On this day in 1943, the Office of War Information won an Academy Award for Best Documentary

Originally published at: On this day in 1943, the Office of War Information won an Academy Award for Best Documentary | Boing Boing


This is a great quote and says a lot about how mass media has worked, historically… But what I find a little lacking is who is behind the shaping of the message in the medium. I notice that when we talk about, say, Nazi Germany or the Soviet Union, we often know who is putting out the message, the goal, and how unified it was… Which makes sense - these were clearly state-run apparatuses, which particular individuals we can point to shaping their messages. Ultimately, Goebbles was responsible for the messages put out by the Nazi mass media - even if not personally responsible. Individuals working within the system had to conform to his dictates… the Soviet Union had a state-based, more centralized body for shaping propaganda at home and abroad… probably a bit more diffuse, depending on the period, but Glavit - or the General Directorate for the protection of state secrets in the press - seems like it was the primary body for shaping the main body of propaganda. So, we can easily point to specific bodies as shaping propaganda in these more top-down situations. The state in both cases played a major role in creating propaganda and shaping public understandings both within and without these countries.

We aren’t used to thinking of the US doing something similar, because those are “oppressive” places pushing lies to justify itself. We don’t think of the US government having a propaganda arm, but we have had historically, and that arm is the American popular mass media (hollywood, the recording industry especially). Capra’s film is a perfect example of that, of course. And other people who worked in private industry also worked for the US government at various points. Stan Lee worked in propaganda during the second world war - Dr. Suess did, etc. I think people who have some engagement with World Wars and Cold War history might be familiar with this idea - that the US relied on people in private industry to shape the domestic and global perception of the US…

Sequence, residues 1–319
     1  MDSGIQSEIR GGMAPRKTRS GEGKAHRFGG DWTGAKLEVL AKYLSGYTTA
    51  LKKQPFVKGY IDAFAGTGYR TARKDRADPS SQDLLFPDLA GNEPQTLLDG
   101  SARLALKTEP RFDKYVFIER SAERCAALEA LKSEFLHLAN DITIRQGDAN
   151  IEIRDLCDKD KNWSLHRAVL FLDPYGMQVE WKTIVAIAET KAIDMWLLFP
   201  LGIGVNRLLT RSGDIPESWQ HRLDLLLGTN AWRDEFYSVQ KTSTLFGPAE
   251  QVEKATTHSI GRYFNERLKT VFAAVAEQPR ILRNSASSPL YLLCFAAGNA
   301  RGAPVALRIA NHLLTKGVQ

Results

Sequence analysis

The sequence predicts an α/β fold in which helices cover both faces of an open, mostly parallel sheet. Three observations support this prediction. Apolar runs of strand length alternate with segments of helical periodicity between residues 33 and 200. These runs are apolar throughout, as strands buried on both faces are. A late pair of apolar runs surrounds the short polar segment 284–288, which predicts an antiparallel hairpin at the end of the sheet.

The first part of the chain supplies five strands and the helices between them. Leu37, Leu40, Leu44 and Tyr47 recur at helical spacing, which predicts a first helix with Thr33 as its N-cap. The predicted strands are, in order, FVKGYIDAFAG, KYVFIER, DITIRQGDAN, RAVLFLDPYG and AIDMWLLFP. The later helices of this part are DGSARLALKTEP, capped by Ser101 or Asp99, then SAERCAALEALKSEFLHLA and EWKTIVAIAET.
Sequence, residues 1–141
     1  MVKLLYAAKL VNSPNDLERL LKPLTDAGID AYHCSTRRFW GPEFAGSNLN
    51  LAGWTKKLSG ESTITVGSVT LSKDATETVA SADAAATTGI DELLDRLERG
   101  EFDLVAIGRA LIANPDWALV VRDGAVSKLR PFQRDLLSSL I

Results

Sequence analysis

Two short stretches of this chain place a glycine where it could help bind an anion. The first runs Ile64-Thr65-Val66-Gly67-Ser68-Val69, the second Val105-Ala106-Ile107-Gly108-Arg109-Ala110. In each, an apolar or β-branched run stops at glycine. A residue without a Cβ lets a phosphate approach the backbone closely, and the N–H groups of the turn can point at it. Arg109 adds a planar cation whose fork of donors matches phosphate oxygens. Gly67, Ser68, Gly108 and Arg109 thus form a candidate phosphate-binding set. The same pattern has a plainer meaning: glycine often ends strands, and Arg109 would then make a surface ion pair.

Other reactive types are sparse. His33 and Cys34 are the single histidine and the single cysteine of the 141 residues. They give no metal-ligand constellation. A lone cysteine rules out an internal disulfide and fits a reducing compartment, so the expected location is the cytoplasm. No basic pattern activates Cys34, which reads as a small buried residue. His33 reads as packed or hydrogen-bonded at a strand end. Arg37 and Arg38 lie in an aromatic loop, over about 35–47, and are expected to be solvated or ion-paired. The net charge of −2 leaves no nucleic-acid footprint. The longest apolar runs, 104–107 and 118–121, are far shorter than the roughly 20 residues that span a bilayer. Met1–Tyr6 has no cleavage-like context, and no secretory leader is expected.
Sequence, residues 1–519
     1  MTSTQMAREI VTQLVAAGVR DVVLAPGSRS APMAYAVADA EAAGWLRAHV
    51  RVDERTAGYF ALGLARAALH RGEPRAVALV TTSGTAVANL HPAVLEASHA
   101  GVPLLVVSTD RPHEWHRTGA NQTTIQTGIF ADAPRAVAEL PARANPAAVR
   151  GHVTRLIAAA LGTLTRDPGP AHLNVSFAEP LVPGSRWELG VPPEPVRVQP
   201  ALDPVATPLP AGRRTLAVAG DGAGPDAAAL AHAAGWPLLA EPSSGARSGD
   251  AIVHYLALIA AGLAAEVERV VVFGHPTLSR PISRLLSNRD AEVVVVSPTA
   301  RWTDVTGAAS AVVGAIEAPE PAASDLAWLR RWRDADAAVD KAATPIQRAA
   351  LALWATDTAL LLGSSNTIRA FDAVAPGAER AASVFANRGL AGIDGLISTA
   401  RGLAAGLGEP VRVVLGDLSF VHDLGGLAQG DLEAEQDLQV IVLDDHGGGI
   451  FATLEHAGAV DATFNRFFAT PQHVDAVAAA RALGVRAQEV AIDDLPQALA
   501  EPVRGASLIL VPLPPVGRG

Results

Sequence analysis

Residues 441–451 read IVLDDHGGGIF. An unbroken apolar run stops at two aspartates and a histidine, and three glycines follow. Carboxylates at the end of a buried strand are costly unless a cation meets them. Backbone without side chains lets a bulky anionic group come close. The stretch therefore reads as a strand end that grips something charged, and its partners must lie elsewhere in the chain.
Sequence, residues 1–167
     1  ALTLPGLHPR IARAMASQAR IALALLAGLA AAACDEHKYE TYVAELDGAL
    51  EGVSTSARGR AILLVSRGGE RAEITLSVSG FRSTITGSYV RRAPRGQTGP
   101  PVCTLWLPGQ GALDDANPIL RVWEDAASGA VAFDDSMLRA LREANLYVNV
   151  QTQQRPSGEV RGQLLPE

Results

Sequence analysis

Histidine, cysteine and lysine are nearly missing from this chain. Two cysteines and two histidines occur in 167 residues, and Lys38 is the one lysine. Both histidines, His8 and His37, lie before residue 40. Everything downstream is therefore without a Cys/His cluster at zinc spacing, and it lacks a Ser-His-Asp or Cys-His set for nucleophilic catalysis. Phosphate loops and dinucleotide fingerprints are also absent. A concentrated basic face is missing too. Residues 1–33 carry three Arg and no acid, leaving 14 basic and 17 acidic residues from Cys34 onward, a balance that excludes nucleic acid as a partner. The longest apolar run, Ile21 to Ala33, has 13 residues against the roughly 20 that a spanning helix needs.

But what about those within these industries were went against the grain. Someone like Dalton Trumbo is an example of someone in Hollywood who used his position to promote alternative political views - he was high profile enough to get him blacklisted for a while. None the less, he keep working despite being in the Black list… Several of the films he secretly wrote won oscars for examples…

I think the reality of this shows us something interesting - that even as the US government agencies (like the CIA) seek to promote a particular set of ideas and to use mass media to do that, the mass media is not always functioning in lock-step with the government. Rather, while many people in positions of power in the mass media, it’s still a web of interconnection rather than a top-down pyramid (and probably a survey of the sources with regards to the Soviet Union or other communist countries). That doesn’t mean that the government doesn’t shape mass media to some degree, or that propaganda isn’t “real” with regards to American mass media… I just want to note that it’s not as top-down and lock-step as we often imagine it to be - because the “ruling class” in America is a bit more diverse than that, and holds a variety of political positions. I don’t think that Capra was “brainwashed” but participated because he believed in the cause. So did Trumbo, who wrote Thirty Seconds Over Tokyo, but later turned his anti-war novel Johnny Got His Gun into a film in the early 70s (at a time when anti-war sentiment was very high).


the recent revelations that Fox Corp. Chairman Rupert Murdoch worked hand in hand with the Trump administration and Trump family members to discredit the 2020 elections, downplay the January 6 treasonous attack on the US capital, and circulate and amplify the big lie.

And now, through fascist hosts like Tucker Carlson, the network is also pushing an isolationist line re: Ukraine that would have made the original America First Committee proud.


I have argued that we in the US (and speaking more broadly, the West) are the targets of one of the most pervasive propaganda apparatus that the world has ever seen. While not centrally managed, it has an overarching message so pervasive that we rarely question it: “buying stuff will make you happy.”


My father was in the First Motion Picture Unit of the Army Air Corps, stationed in Culver City, California. His commanding officer was Ronald Reagan. My dad was a scriptboy, though not on Why We Fight; he was already a civilian by then. He said he worked on Resisting Enemy Interrogation. Also, they made movies simulating flight over enemy terrain, using 3D models of the terrain. These were for training pilots.


I think the fact that we consider “advertising” to be a separate category to “propaganda” demonstrates exactly how effectively we as a population have been moulded by that propaganda.

And the fact that we think that advertising originating from multiple different corporate publicity departments is a diverse media landscape showing different points of view, rather than being multiple heads of the same capitalist hydra is just further proof of this.


That is a question that clarifies a lot of thinking for me.

Thank you!

edit: clarity


The CIA could have used a director like Capra. But I guess without a real war going on where someone actually attacked the United States Hollywood wasn’t interested. That CIA piece was dry and boring.

Is it being used, if Capra agreed with the aims?


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